The creation of employment and training opportunities for young people was a key aspect of this project. To date four young people have gained valuable training and experience in countryside management and outdoor paths work. This has helped to boost their confidence and, as a result, two of the four young people engaged in the project have secured further employment and apprenticeships.
Consultation with the general public revealed that increased signage and improved paths would encourage them to make more use of the core path network for walking, cycling and recreation, thus improving the health and wellbeing of the local population.
Quote from a member of the public who has used one of the improved core paths:
"This morning, with the sun shining I took myself off up to inspect how things were progressing with the core path renovations that skirt the southern boundary of Saline Golf Club.
It's looking great, three kissing gates are now in situ; and the vegetation has been cut back allowing for a more visible core path...all the way along to Bandrum Tower. It really is excellent so thank you so much for getting this work up and running."
This project was supported by the CSGN Development Fund. The funding available enabled Fife Council to employ a surveyor and a contractor to survey the condition of the path network and to produce costed specifications for necessary improvements works. The employment of a contractor and surveyor allowed this project to take place at least two years ahead of schedule. If the funding had not been available, the current staff in the Ranger Service and Estates team would have completed the work in addition to their existing workload, thus delaying the project.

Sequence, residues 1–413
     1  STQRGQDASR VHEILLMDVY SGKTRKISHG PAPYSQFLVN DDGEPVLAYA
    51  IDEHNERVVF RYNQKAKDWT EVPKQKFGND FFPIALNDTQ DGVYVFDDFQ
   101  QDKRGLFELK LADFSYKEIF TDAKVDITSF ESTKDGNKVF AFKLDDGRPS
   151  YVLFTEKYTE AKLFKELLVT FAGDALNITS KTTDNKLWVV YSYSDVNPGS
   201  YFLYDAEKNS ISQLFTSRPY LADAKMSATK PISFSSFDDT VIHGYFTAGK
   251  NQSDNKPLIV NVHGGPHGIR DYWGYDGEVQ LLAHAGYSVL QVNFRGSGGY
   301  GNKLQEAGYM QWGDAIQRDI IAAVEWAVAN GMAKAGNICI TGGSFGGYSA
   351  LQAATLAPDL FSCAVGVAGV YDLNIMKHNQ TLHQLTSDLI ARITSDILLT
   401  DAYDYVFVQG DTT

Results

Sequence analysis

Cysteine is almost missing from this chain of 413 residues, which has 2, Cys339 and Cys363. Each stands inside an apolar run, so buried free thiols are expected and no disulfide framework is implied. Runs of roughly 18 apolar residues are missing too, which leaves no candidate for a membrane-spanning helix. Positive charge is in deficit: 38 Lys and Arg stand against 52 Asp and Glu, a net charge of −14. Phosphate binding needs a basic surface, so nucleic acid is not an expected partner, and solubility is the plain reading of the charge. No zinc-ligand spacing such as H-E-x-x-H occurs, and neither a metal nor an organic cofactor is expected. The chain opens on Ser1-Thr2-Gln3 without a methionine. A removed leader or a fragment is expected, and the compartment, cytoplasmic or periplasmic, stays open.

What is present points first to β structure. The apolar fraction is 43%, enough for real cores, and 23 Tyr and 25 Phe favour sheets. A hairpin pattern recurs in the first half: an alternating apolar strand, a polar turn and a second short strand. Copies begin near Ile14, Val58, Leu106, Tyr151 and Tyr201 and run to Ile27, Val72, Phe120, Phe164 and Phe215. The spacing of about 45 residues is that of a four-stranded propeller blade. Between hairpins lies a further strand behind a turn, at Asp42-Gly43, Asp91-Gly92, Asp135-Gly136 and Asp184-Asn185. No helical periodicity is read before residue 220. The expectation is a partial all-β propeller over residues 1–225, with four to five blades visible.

The core paths survey work completed in 2010/11 (CSGN098) identified opportunities for biodiversity improvements along the core path network. The recommendation made as a result of this survey work will be carried forward and work will commence on shrub planting to fill gaps in old hedges, enhancing areas of semi-natural grassland by scrub removal, and clearing out ditches to enhance their aquatic environment. Thus the core paths network, while primarily intended to deliver improved access to the outdoors, will also help to improve the habitat networks and wildlife corridors in Fife. Following the success of this project, the Council has made greater and more consistent use of CAMS to manage their core paths network.
The costed specifications developed during this project have supported subsequent grant applications. The Fife Core Paths Improvement Project was successful in securing further funding through the CSGN Development Fund (CSGN423 and CSGN718). Future work focuses on improving and upgrading green-space within areas that are in or are close to areas of multiple deprivation. Work includes tree planting, woodland management, path building and upgrading, clearing invasive species, way-making and interpretation.
As a result, the project has been able to continue to carry out path improvement works using trainees, and the trainees have been able to gain valuable skills and experience which makes them more employable.
|2010||CSGN Development Fund||15,954|
|2012||CSGN Development Fund||66,678|
|2014||CSGN Development Fund||28,950|